Diagnostics-For-All, a recently formed non-profit company co-founded by a Harvard University professor, is looking to improve the health of developing nations by offering them certain lab-on-a-chip-based diagnostic tests for free or at low-cost.
Last month, Diagnostics-For-All and Harvard announced a collaboration to make the chip technology, which tests body fluids for proteins indicative of diseases such as tuberculosis and AIDS, available to countries that have limited access to complex laboratory diagnostic equipment.
The collaboration is the latest in a series of tech-transfer deals out of Harvard with an eye toward increasing access to medical and life-science technologies to third-world countries.
The technology, which is still a few years away from being ready for mass use, was created by Harvard chemistry professor George Whitesides, who is also a co-founder of the company.
Under an agreement whose details are still being negotiated, DFA, located in Cambridge, Mass., would likely exclusively license the technology from the university without having to pay royalties when it sells or donates it to developing countries.
However, the company would have to pay royalties to the university if the chips are marketed and sold commercially, university officials told ProteoMonitor, a BTW sister publication.
“We are fulfilling our public mission, which is to make sure these technologies reach fruition, are developed to their fullest potential, and are made as widely available to the general public as is possible,” said Larry Schlossman, a spokesman for the university’s Office of Technology Development.
Last year, Harvard signed two other high-profile, so-called “socially responsible” licensing agreements, to increase the access of technologies developed at the university to underserved nations.
Last October Harvard announced a licensing deal with China’s Morningside Group for protein capsular matrix vaccine technology developed by faculty member John Mekalanos (see BTW, 10/29/2007).
The PCMV technology enables pharmaceutical companies to produce vaccines rapidly and inexpensively; and to more easily develop multivalent vaccines to enable protection against multiple pathogens through one vaccination.
Under the terms of that agreement, Morningside formed a new company to develop and commercialize the PCMV technology and ensure that vaccines incorporating the technology are made available at what it called “reasonably affordable prices” in countries eligible to receive support from the Global Alliance for Vaccines and Immunization.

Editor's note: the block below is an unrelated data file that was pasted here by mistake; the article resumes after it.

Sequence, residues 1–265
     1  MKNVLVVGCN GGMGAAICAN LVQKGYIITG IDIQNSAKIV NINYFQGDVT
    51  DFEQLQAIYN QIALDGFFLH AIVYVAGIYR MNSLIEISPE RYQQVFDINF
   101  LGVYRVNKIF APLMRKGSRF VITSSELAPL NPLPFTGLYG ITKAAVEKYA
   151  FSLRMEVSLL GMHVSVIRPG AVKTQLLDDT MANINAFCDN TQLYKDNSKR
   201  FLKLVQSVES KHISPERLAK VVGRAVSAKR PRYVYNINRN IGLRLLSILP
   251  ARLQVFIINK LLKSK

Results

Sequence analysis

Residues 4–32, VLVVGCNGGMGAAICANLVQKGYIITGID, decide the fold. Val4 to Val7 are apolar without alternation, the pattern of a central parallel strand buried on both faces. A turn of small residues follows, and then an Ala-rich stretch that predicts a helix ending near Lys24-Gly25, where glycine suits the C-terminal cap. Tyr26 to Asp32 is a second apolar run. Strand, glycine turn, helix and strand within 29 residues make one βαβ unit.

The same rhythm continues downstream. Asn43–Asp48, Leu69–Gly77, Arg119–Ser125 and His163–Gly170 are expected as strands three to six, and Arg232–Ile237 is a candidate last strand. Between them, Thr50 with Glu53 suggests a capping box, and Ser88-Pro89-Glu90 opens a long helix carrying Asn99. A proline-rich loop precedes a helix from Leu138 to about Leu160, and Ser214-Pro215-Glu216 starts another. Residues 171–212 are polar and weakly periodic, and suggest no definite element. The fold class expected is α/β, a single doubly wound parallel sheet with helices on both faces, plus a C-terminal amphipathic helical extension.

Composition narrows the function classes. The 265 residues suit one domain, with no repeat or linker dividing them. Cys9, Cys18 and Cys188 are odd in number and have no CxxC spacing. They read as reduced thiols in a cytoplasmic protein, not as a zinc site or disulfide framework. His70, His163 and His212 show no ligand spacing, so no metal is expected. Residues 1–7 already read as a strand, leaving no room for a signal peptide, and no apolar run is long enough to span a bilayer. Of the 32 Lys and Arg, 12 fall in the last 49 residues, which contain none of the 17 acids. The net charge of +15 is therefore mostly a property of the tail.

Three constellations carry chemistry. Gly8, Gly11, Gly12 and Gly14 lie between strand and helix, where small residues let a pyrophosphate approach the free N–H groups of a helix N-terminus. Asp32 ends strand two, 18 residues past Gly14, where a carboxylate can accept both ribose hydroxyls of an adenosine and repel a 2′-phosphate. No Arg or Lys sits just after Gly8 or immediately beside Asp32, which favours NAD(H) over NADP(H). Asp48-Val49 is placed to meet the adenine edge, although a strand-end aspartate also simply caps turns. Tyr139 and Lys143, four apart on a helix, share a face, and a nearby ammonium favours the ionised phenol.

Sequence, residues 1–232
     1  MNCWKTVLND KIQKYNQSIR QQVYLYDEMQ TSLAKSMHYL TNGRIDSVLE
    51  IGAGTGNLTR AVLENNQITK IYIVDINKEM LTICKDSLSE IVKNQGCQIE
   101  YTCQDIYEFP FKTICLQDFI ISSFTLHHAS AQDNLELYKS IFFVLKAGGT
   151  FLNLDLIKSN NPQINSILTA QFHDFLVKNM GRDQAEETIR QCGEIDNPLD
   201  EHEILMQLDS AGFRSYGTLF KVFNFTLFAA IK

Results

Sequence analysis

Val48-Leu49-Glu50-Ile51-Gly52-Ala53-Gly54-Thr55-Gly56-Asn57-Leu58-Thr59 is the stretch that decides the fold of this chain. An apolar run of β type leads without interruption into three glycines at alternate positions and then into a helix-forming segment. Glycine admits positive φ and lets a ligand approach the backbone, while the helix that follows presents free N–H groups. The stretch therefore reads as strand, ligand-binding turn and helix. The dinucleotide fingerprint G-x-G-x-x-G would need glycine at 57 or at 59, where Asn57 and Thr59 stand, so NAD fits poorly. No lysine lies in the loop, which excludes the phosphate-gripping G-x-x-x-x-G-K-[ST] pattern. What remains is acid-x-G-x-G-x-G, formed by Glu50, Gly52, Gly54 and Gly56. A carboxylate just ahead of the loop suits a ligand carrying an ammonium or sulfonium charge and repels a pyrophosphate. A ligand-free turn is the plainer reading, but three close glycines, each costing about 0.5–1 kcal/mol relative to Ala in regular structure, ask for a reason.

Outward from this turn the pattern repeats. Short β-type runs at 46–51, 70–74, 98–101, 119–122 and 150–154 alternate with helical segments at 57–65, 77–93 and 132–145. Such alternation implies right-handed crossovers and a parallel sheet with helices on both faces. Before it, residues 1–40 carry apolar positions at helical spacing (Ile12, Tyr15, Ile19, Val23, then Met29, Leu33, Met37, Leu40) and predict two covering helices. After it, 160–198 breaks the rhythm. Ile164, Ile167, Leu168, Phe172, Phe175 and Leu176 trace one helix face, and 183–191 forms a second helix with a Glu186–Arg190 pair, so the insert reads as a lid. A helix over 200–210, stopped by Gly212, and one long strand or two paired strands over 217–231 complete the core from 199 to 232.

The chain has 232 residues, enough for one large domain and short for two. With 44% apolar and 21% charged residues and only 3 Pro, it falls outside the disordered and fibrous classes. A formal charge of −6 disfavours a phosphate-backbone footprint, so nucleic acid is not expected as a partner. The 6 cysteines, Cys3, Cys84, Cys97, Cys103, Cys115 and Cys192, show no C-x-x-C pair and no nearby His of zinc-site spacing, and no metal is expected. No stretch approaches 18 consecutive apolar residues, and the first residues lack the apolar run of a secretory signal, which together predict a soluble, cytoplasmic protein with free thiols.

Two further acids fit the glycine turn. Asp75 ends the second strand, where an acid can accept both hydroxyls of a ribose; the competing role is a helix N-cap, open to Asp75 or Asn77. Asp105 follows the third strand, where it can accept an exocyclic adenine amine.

Harvard also agreed to relinquish its share of future royalties on sales made by Morningside’s company and its affiliates in GAVI countries, and reserved the right to directly license qualified governmental bodies and non-governmental organizations to distribute vaccines made with the PCMV technology for humanitarian purposes.
In March, the university granted a royalty-free license to non-profit group Medicines in Need, known as MEND, to distribute in developing nations an inhalable tuberculosis vaccine developed by Harvard professor David Edwards. MEND is also pursuing commercial markets for its products in the developed world to support its charitable mission.
The vaccine was recently shown to be more effective in animal models than an injectable version, and is expected to enter Phase I safety trials next year (see BTW, 3/26/2008).
One for All
The lab-on-a-chip technology DFA licensed last month is a paper-based microfluidic chip about the size of a fingernail and pre-treated with reagents for color-based assays.
According to a statement issued jointly by Harvard and DFA, the paper is patterned with hydrophobic polymers, “forming a series of channels that guide a fluid sample to the pre-treated regions of the chip. The resulting color changes can then be read and translated into a diagnosis using a key tied to the particular test being conducted.”
“We are fulfilling our public mission, which is to make sure these technologies reach fruition, are developed to their fullest potential, and are made as widely available to the general public as is possible.”
Because the chips are made of paper, they cost as little as a penny to use, significantly cheaper than other similar chips on the market or in development, which are made of silicon, plastic, or glass, according to Harvard and DFA.